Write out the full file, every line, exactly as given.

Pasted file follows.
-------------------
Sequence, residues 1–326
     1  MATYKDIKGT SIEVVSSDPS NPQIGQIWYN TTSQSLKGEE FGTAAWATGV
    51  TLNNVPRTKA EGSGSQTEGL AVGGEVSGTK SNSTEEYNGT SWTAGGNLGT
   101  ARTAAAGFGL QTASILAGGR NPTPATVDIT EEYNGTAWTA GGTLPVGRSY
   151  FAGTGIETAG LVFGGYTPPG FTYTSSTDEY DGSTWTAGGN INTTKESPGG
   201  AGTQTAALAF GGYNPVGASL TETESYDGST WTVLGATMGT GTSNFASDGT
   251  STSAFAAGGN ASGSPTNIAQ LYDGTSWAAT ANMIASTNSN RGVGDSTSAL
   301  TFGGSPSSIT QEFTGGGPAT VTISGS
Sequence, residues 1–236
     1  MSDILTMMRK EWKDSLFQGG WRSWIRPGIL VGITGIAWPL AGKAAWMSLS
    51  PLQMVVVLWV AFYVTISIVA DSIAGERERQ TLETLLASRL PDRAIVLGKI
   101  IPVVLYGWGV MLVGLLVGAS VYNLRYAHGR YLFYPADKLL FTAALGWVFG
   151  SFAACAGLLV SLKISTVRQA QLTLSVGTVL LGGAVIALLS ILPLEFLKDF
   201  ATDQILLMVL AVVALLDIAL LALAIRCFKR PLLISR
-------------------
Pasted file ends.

Sequence, residues 1–326
     1  MATYKDIKGT SIEVVSSDPS NPQIGQIWYN TTSQSLKGEE FGTAAWATGV
    51  TLNNVPRTKA EGSGSQTEGL AVGGEVSGTK SNSTEEYNGT SWTAGGNLGT
   101  ARTAAAGFGL QTASILAGGR NPTPATVDIT EEYNGTAWTA GGTLPVGRSY
   151  FAGTGIETAG LVFGGYTPPG FTYTSSTDEY DGSTWTAGGN INTTKESPGG
   201  AGTQTAALAF GGYNPVGASL TETESYDGST WTVLGATMGT GTSNFASDGT
   251  STSAFAAGGN ASGSPTNIAQ LYDGTSWAAT ANMIASTNSN RGVGDSTSAL
   301  TFGGSPSSIT QEFTGGGPAT VTISGS
Sequence, residues 1–236
     1  MSDILTMMRK EWKDSLFQGG WRSWIRPGIL VGITGIAWPL AGKAAWMSLS
    51  PLQMVVVLWV AFYVTISIVA DSIAGERERQ TLETLLASRL PDRAIVLGKI
   101  IPVVLYGWGV MLVGLLVGAS VYNLRYAHGR YLFYPADKLL FTAALGWVFG
   151  SFAACAGLLV SLKISTVRQA QLTLSVGTVL LGGAVIALLS ILPLEFLKDF
   201  ATDQILLMVL AVVALLDIAL LALAIRCFKR PLLISR